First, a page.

Novel Smartphone Interventions Improve Cognitive Flexibility and Obsessive-Compulsive Disorder Symptoms in Individuals with Contamination Fears.
Ramachandran, Vilayanur S
Sahakian, Barbara J
Springer Science and Business Media LLC
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Jalal, B., Brühl, A., O'Callaghan, C., Piercy, T., Cardinal, R. N., Ramachandran, V. S., & Sahakian, B. J. (2018). Novel Smartphone Interventions Improve Cognitive Flexibility and Obsessive-Compulsive Disorder Symptoms in Individuals with Contamination Fears.. Sci Rep, 8 (1), 14923. https://doi.org/10.1038/s41598-018-33142-2
One type of obsessive-compulsive disorder (OCD) is characterized by contamination fears and compulsive cleansing. Few effective treatments are available for this debilitating condition. Compulsive symptoms, such as excessive washing, are believed to be mediated by cognitive inflexibility-arguably the most striking cognitive impairment in OCD. In this study, we investigated the effects of two novel smartphone interventions on cognitive flexibility and OCD symptoms in healthy individuals with OCD-like contamination fears. In the first intervention, participants watched a brief video recording of themselves engaging in handwashing on a smartphone, four times a day, for a total of one week (N = 31). The second intervention was similar except that participants watched themselves repeatedly touching a disgust-inducing object (N = 31). In a third (control) "intervention", participants watched themselves performing sequential hand movements (N = 31). As hypothesized, the two smartphone interventions, unlike the control, improved cognitive flexibility; as assessed on the Intradimensional-Extradimensional Set Shifting task (a sensitive marker of cognitive flexibility). The two interventions, unlike the control, also improved OCD symptoms (measured with the Obsessive-Compulsive Inventory-Revised and Yale-Brown Obsessive-Compulsive Scale). Finally, we found high levels of adherence to the interventions. These findings have significant clinical implications for OCD.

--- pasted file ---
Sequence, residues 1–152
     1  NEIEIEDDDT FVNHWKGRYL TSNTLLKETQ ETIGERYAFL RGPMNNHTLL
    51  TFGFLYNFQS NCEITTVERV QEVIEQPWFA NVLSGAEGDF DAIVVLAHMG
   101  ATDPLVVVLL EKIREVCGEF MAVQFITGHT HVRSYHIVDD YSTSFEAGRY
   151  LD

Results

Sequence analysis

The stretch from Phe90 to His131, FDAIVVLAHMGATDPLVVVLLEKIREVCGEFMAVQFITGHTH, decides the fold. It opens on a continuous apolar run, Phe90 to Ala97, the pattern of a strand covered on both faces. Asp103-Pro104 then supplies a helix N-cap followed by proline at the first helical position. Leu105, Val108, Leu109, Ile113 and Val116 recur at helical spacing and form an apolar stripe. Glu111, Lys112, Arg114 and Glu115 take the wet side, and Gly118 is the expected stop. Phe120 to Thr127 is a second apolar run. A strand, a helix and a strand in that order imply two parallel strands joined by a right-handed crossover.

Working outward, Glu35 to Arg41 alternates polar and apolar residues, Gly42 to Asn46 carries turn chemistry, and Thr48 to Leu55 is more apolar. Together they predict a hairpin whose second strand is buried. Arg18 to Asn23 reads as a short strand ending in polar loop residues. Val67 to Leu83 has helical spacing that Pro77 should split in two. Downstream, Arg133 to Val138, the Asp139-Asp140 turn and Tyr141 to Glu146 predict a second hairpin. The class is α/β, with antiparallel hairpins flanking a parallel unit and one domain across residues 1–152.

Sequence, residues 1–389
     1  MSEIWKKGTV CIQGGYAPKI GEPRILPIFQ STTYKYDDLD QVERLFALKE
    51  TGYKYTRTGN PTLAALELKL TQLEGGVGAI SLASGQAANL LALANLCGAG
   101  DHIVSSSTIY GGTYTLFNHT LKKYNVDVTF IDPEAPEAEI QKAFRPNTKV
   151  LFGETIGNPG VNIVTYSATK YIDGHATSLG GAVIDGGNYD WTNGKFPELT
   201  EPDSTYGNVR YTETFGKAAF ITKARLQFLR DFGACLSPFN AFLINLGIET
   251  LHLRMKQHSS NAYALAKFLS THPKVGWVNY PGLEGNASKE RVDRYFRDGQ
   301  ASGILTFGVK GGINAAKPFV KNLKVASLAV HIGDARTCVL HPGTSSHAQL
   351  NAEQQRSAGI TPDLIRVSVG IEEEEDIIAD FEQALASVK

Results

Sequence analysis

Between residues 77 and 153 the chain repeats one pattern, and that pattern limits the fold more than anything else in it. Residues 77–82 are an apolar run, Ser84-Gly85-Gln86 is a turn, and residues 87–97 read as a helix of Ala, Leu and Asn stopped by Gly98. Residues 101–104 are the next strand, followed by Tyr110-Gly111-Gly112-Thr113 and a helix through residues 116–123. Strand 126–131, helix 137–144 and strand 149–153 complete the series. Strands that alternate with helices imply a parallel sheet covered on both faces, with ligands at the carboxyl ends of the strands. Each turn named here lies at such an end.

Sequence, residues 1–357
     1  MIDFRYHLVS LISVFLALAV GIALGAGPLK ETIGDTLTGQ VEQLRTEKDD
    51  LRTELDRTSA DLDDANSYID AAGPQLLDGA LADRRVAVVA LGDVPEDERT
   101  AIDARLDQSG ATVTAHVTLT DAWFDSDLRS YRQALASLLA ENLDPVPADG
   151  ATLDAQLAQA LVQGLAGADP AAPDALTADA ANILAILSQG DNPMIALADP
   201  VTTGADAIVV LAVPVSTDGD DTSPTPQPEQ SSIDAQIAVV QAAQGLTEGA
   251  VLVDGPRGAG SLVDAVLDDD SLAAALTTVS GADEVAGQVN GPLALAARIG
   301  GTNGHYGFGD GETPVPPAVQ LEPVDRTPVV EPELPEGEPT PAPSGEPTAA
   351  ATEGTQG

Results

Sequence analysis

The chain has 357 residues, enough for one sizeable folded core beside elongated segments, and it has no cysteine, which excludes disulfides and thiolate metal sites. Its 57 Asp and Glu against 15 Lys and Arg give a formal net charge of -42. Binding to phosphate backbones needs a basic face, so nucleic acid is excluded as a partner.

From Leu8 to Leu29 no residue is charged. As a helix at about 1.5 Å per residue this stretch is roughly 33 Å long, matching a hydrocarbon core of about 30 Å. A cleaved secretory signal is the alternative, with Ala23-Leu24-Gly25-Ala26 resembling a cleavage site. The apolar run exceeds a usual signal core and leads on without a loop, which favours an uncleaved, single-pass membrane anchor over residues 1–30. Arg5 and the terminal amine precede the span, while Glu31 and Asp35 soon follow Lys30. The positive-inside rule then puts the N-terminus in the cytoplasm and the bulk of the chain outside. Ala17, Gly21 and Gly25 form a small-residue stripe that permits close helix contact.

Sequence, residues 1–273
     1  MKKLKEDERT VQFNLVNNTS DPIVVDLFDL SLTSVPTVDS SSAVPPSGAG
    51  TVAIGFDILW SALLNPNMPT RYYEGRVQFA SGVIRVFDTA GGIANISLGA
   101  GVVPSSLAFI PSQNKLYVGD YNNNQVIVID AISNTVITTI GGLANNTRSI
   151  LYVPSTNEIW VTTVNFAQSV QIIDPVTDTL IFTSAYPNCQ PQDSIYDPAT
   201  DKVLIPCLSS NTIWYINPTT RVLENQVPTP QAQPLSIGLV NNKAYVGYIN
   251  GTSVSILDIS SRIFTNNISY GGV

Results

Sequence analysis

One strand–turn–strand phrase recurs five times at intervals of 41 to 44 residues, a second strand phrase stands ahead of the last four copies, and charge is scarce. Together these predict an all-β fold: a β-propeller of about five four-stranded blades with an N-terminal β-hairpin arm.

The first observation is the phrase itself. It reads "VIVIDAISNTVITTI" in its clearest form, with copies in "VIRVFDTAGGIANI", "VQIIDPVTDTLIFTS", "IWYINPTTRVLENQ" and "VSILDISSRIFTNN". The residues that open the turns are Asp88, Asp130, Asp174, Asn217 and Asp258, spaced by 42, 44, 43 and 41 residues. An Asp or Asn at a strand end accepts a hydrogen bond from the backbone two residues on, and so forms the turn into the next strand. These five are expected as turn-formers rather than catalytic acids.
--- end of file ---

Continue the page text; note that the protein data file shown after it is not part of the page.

Humans, Fear, Cognition, Obsessive-Compulsive Disorder, Neuropsychological Tests, Adolescent, Adult, Middle Aged, Female, Male, Mobile Applications, Smartphone
Medical Research Council (G1000183)
Medical Research Council (MC_PC_17213)
External DOI: https://doi.org/10.1038/s41598-018-33142-2
This record's URL: https://www.repository.cam.ac.uk/handle/1810/284555
Attribution 4.0 International
Licence URL: http://creativecommons.org/licenses/by/4.0/
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